The BBC is preparing to announce further cuts to its output before the end of the month, with the corporation’s staff waiting to see whether their jobs will be on the line.
The public broadcaster has already undergone multiple rounds of redundancies and cuts over the past decade as a result of continuous below-inflation licence fee increases. It now needs to find a further £285m in savings as a result of the announcement in January by Nadine Dorries, the culture secretary, that the licence fee would be frozen at £159 for the next two years.
This means the corporation’s bosses are likely to announce further redundancies while still implementing cuts imposed on it by the last licence fee settlement.
The director general, Tim Davie, has repeatedly emphasised the need to invest in the corporation’s digital operations, as opposed to its traditional outlets. But he has also signalled that he will largely attempt to keep broadcast television and radio station outlets open and instead cut back their programming budgets.
It had been speculated that services such as 5 Live could be shuttered as part of an attempt to reduce the vast number of outlets operated by the BBC, although this is now thought to be unlikely. Davie had his fingers burned back in 2010 when he led the unsuccessful attempt to close down the 6 Music and Asian Network radio stations, a decision that was abandoned in the face of public opposition.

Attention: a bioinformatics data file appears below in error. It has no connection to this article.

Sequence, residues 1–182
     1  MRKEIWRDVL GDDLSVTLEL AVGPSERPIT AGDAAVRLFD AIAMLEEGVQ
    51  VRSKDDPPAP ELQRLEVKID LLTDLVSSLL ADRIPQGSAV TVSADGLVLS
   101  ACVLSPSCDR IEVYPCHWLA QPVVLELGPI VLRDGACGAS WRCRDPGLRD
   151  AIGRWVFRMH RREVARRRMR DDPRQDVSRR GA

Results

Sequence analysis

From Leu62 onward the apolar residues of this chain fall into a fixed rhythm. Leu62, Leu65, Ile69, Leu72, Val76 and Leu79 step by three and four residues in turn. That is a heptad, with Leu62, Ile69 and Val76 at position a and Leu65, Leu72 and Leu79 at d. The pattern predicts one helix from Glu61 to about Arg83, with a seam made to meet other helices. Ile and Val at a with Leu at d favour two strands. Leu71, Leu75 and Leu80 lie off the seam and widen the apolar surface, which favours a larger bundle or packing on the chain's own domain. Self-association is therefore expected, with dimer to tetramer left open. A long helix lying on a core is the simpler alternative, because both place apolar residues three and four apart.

This time Davie may have fewer options and he has previously said “everything’s on the agenda” when it comes to finding the latest set of savings. On Monday he told a House of Lords select committee that the BBC had lost 1,200 staff in the past 18 months and said more would be leaving.
Davie told peers the corporation is trying to work out how best to make the savings required by the government – but pledged to “do everything I can to make sure that these choices are protecting the things we all care about”.
Freezing the licence fee at a time when inflation is running at a 40-year high means the BBC cannot afford to make the same number of programmes. The corporation is also losing on- and off-screen staff – including the likes of Andrew Marr and Emily Maitlis – to commercial rivals who can offer higher salaries.
The BBC now faces a battle over its entire financial future, with Dorries preparing to launch a review on the future of the licence fee after the corporation’s current royal charter expires at the end of 2027. The culture secretary has already said she does not believe the current funding model – which charges households based on whether they watch live television or use BBC iPlayer – is suitable for the modern era.